HARTFORD, CT – An overflow crowd packed Thursday’s Board of Regents meeting to criticize a money-saving plan that calls for both tuition increases and consolidations of the state’s regional and community college system.
The board last month adopted Connecticut State Colleges and Universities President Mark Ojakian’s framework for both tuition increases and savings through administrative consolidations.
About 90,000 students attend the 17 schools in the Connecticut State Colleges and Universities system. Last month the Board of Regents approved a plan that increased tuition 4 percent at the four regional state universities, 2.5 percent at the 12 community colleges and 4 percent at the online Charter Oak College. It also approved a series of student fee hikes.
All told those tuition and fee increases are expected to bring in about $21 million, but that’s only about half of the college system’s projected deficit.
It is the other part of Ojakian’s plan – to consolidate operations to save $28 million – that received most of the audience’s ire at the board meeting Thursday, though many also criticized the planned tuition increases.
“The plan uses austerity measures that will detract from quality programs rather than actively investing in the public higher education institutions that are educating the future leaders of our state,” Louise Williams, history professor at Central Connecticut State University and CCSU-AAUP chapter president, said.
“The plan also fails to protect the unique missions of each of the 11 community colleges and the four regional Connecticut State university’s,” Williams said.
Speaker after speaker told the board that consolidating the colleges would take away the uniqueness of each individual college.
“If you put all the president’s into one than the students aren’t getting what they deserve,” Joe Luchene, a CCSU senior from Waterbury, said.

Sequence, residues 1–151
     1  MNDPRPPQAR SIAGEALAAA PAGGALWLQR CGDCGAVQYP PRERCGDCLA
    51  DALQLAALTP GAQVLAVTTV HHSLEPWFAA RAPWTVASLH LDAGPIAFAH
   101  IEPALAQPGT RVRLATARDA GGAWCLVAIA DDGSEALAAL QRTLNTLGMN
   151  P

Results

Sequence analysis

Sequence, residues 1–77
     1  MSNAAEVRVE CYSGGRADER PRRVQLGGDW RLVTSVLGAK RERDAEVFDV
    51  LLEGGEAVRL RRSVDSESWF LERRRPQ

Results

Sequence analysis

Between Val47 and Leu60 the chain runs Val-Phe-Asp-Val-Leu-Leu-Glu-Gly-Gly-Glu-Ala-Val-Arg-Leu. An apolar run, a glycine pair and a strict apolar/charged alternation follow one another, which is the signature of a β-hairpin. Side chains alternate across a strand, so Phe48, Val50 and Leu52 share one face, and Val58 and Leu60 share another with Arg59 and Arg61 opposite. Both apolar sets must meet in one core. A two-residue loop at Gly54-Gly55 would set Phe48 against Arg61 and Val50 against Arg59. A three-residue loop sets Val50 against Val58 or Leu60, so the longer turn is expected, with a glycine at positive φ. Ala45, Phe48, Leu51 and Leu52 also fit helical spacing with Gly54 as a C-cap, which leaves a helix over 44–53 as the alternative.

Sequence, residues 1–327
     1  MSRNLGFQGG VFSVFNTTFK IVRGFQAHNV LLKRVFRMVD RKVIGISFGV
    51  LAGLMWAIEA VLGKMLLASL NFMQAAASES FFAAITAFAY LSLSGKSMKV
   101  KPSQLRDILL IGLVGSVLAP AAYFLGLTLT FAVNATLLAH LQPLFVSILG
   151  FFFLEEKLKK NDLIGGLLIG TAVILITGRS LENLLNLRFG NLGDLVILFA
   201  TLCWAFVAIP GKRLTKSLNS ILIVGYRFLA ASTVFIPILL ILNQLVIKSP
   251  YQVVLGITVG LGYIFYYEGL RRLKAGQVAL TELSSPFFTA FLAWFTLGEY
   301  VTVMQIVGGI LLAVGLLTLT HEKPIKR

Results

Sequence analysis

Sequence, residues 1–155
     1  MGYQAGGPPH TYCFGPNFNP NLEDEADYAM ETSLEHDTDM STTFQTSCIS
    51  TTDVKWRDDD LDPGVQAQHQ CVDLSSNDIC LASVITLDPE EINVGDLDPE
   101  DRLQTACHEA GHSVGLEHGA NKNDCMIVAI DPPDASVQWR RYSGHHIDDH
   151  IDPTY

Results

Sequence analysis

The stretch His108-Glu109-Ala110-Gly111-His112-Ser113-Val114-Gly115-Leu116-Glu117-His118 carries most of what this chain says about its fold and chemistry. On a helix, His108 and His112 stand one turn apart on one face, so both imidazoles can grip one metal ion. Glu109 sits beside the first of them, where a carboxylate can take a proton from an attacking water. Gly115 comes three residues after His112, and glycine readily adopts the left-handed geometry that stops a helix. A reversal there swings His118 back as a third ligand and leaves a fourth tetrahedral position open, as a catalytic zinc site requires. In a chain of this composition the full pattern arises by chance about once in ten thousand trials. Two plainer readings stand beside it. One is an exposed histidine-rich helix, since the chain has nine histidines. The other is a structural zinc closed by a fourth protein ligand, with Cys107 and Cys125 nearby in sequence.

Luchene, who held up a sign saying: “Here’s a Plan: Free Tuition For Students” said that education should be a “right for all, not a privilege.”
Fellow CCSU student Brian Becker added: “Students are being asked to pay for a crisis we didn’t create. We should be expanding access to college. We know that austerity does not lead to prosperity.”
Many in the audience, which spilled over into the hallways from the small meeting room, said they were both puzzled and angered that the board approved Ojakian’s consolidation framework plan before any dialogue.
Sue Holt, a psychology professor at CCSU, was blunt in her assessment of Ojakian’s plan.
“It’s a seriously flawed plan that adversely affects the quality of higher education in Connecticut,” Holt said. She added it was also “shoved through in a ridiculously short period of time.”
Stephen Adair, a non-voting member of the board and chair of the faculty advisory committee, emphasized that point in a report he presented.
He called it “troubling” that the board accepted Ojakian’s report “without any public review, without any public deliberation.”
Adair said when the report is accepted in its final form, it is the faculty advisory committee’s recommendation that “open meetings” be held on the report before any final action is taken.
Adair added other concerns the advisory committee had is whether individual college’s fundraising efforts would be hampered under a consolidation plan, and, why Ojakian didn’t ask each individual president to submit his or her own cost savings plan before going to the extreme step of recommending consolidation.
He said the consolidation plan “more resembled a sledge hammer than a scalpel.”
Ojakian told critics of the plan that they were wrong if they think he has already figured out the end result.
“We are working on a two-year implementation period,” Ojakian said. Ojakian said he has spent the past several weeks going to all 17 campuses and “having conversations about the best way to move forward.”
“I want to hear from folks and advocate on behalf of our system and our students,” Ojakian said.
But, he also told the audience, “We need to be realistic about what the financial condition of the state is,” noting that Gov. Dannel P. Malloy proposed a plan to close this year’s $389.8 million deficit. That’s in addition to the $5.1 billion deficit the state is facing over the next two years.
Ojakian said the college system will have to find additional savings over the next several weeks, totaling about $1.7 million, to help with this year’s state budget.
But he tried to reassure the doubters in the audience by reiterating that as the consolidation plan proceeds, “We will shift strategy; we will shift direction.”
Ojakian received backup from board member Lawrence DeNardis, who told the group: “Our mantra is not about raising tuition. We are looking for systemic change.”